It is true that cars used to be more aesthetically pleasing than they are now, but equally true that they would kill you for even so much as thinking about getting behind the wheel. Ford v Ferrari, known internationally as Le Mans ’66, hearkens back to a golden age of engineering, when the most important thing an American man could do was make a car that could go for 24 hours without exploding to stick it to the Italians. It’s a simple concept and a simple film, but Ford v Ferrari brings such talent to bear that it’s never far off exhilaration.
The Shining is one of the most iconic films of all time, in horror or any other genre. It is also iconic for how much Stephen King hates it, to the extent that he eventually had to sign a document to the effect that he would no longer publicly excoriate it. But The Shining was only King’s third novel; Doctor Sleep, which would come thirty-six years later, was his 52nd. In 2019, nearly every movie and TV show is based on a Stephen King property, and it is safe to say that he has more clout than he did in 1980. The main thing about King’s The Shining versus Kubrick’s is that they had completely different priorities and, despite their commonalities, they told different stories.
Along comes writer/director/editor Mike Flanagan’s (The Haunting of Hill House) Stephen King’s Doctor Sleep, which acts to bridge the gap: it is a sequel to both the book and the film of The Shining. It does well when it sticks to King and flounders a little bit when it comes to Kubrick, but it is a daring film, and more striking than almost any other recent King project this side of TV’s Castle Rock.
It has been only four years since the Terminator series tried a new direction with the under-appreciated but terribly named Terminator: Genisys. 2019 brings Terminator: Dark Fate, a film that fashions itself as the new third Terminator film. In a series that is so heavily predicated on time travel and timelines, production can create any continuity that they want and get away with it. The main point of difference for Terminator: Dark Fate is that Linda Hamilton (Curvature) and producer James Cameron (Alita: Battle Angel) are back in harness for the first time since 1991, but it is never more ambitious than that.
The current vogue in many films, and not just horror, is how evil the super rich are. Despite the numbers these movies do, the super rich still haven’t got the memo. Ready or Not is your classic girl falls in love with a rich boy, rich boy’s family attempts to murder girl story. Timeless. Ready or Not is well executed, tense but with a sense of humour, and blood. Gallons of blood. All over the camera lens.
Misery was originally going to be a Bachman Book. Misery originally had a different ending. Misery is a deeply personal novel that crystallises many of the demons that Stephen King was fighting at the time of its inception. Misery is a single location novel that is never inert even when it’s confined to a bed. Misery is a towering work even if it ends five inches shorter than it started.
By 2013, it was well and truly clear that Stephen King was his own genre, and that he competes largely with himself. This is likely why, outside of The Dark Tower series and Black House, that he had never really dabbled with sequels until Doctor Sleep. That King chose to make his first major sequel to the book that became one of the most iconic horror films of all time — a film that, coincidentally, he famously really did not like — was daring. Doctor Sleep is the thirty six years on sequel to The Shining, through which King follows up on what happened to Danny after the Overlook Hotel was neutralised. And it works: Doctor Sleep is excellent latter day King, a successor to The Dark Tower, a pre-cursor to Mr. Mercedes, and a novel that doesn’t try to shamelessly ape its predecessor.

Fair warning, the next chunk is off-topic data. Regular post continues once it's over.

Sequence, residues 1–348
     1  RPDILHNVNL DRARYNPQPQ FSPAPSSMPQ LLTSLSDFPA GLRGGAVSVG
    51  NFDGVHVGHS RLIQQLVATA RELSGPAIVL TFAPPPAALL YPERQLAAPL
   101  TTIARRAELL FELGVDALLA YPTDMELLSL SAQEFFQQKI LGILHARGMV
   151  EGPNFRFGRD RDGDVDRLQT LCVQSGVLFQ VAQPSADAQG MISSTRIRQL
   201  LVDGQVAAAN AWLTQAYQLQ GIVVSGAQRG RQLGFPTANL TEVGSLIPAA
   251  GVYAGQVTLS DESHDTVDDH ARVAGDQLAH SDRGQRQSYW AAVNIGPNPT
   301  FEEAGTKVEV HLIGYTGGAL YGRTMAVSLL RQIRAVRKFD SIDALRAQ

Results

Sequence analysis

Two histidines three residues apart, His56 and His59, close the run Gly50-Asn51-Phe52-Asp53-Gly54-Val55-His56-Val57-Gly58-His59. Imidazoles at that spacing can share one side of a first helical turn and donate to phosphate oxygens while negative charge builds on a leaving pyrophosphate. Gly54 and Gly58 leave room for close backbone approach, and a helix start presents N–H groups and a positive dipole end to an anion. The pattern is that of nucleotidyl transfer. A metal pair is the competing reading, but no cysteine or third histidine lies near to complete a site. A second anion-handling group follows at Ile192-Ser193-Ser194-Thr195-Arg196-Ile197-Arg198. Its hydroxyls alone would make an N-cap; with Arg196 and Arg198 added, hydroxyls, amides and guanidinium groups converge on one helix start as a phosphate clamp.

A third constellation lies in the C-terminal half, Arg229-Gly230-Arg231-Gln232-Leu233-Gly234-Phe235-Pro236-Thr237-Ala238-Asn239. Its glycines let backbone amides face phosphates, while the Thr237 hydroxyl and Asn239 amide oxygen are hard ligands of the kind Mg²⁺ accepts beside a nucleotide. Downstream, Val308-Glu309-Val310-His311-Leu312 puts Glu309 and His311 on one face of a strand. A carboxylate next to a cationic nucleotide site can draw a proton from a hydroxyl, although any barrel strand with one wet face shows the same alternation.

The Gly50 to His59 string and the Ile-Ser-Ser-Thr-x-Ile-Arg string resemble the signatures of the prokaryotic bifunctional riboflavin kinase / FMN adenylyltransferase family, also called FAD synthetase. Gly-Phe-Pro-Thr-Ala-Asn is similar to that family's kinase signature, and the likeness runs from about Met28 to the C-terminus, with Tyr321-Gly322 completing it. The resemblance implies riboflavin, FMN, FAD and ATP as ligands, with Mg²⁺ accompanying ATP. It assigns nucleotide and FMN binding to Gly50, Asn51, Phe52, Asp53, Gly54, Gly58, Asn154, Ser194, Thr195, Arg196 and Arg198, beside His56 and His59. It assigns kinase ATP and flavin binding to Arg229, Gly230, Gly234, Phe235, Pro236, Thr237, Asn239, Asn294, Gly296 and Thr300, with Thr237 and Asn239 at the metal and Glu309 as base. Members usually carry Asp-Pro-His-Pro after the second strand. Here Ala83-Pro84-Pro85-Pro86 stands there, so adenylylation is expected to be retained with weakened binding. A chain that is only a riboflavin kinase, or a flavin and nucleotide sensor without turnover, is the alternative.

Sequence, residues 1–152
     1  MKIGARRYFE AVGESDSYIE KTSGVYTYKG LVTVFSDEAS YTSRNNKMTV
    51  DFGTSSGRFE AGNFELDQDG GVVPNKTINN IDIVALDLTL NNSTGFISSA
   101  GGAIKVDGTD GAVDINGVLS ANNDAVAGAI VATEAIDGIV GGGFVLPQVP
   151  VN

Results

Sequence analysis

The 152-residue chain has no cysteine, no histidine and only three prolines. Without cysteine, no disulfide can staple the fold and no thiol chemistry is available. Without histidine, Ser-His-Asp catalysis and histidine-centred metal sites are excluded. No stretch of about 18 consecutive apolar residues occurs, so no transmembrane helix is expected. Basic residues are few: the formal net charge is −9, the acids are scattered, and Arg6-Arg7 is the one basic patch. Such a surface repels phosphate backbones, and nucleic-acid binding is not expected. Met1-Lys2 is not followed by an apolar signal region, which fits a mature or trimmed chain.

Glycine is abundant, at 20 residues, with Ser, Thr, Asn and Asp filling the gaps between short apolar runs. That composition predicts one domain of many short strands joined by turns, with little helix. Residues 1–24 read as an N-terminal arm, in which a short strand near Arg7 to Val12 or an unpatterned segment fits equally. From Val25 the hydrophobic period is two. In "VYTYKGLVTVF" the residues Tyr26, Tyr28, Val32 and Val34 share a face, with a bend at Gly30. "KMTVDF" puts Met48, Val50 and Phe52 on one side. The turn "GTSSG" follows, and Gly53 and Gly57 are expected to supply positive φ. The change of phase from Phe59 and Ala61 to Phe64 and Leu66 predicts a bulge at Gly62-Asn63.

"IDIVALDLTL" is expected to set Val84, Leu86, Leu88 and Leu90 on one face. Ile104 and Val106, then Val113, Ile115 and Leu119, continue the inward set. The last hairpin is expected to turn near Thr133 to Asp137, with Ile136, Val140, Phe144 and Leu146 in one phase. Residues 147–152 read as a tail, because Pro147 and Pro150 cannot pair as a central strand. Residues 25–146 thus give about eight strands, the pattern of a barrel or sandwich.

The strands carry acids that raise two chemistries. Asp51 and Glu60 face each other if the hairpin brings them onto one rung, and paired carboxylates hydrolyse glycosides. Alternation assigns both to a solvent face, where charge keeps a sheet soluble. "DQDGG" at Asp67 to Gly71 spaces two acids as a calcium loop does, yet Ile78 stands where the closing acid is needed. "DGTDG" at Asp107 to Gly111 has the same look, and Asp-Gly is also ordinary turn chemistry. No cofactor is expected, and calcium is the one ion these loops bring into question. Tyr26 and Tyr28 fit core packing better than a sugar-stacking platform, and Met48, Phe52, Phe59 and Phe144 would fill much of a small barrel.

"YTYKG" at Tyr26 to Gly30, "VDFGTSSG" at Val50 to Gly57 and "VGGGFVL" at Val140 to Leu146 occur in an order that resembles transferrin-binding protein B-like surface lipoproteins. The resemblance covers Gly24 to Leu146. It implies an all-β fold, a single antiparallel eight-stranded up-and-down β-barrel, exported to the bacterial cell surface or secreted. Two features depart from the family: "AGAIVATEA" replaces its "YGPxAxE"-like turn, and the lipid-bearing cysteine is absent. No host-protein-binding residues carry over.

In The Institute, we unlock the paradox of Stephen King: much of his best work is familiar and comfortable, echoing across the years, spanning decades. However, there is such a thing as too familiar: when King uses one his skeletons but forgets to put the muscle on the bones, the books suffer. The Institute is the ghost of a Stephen King novel: it has the spirit, but not the flesh. It’s fine, but it’s not much more than that.
The biggest book of 2019 doesn’t have boy wizards in it, fake conspiracies about renaissance artists, secretly evil women, Swedish conspiracy theorists, or teenagers in battles royale. Instead, Margaret Atwood is hailed as the conquering hero, returning readers to Gilead some 34 years after the initial publication of The Handmaid’s Tale. The Testaments is not exactly the sequel everyone was clamouring for — the further adventures of Offred — but it’s the best possible use of the setting that Atwood could have employed. The Testaments is not warm and cuddly, but it takes a different tone to the nightmarish bitterness that characterised its predecessor: it fair zips along.
Kameron Hurley’s heart belongs to novels. Meet Me in the Future’s introduction tells the reader as much instantly. And yet this is her second collection (third, depending on whether you believe the book itself or Hurley’s Wikipedia). To that end, some parts of Meet Me in the Future are considerably stronger than others. These stories represent Hurley’s particular fascinations: womens’ place in society, the impermanence of bodies; plague and pathology. Some she communicates well in sparkling stories, but others collapse under their own weight.
There have been enough Stephen King adaptations in recent years that the man doesn’t need to be introduced anymore. It, the second longest of his 61 novels to date, performed remarkably well in its secretly titled Chapter One instalment of 2017. Two years later, the Loser kids are back, they’ve brought their adult counterparts with them, their film is 34 whole minutes longer, and everything is like a well worn pair of slippers.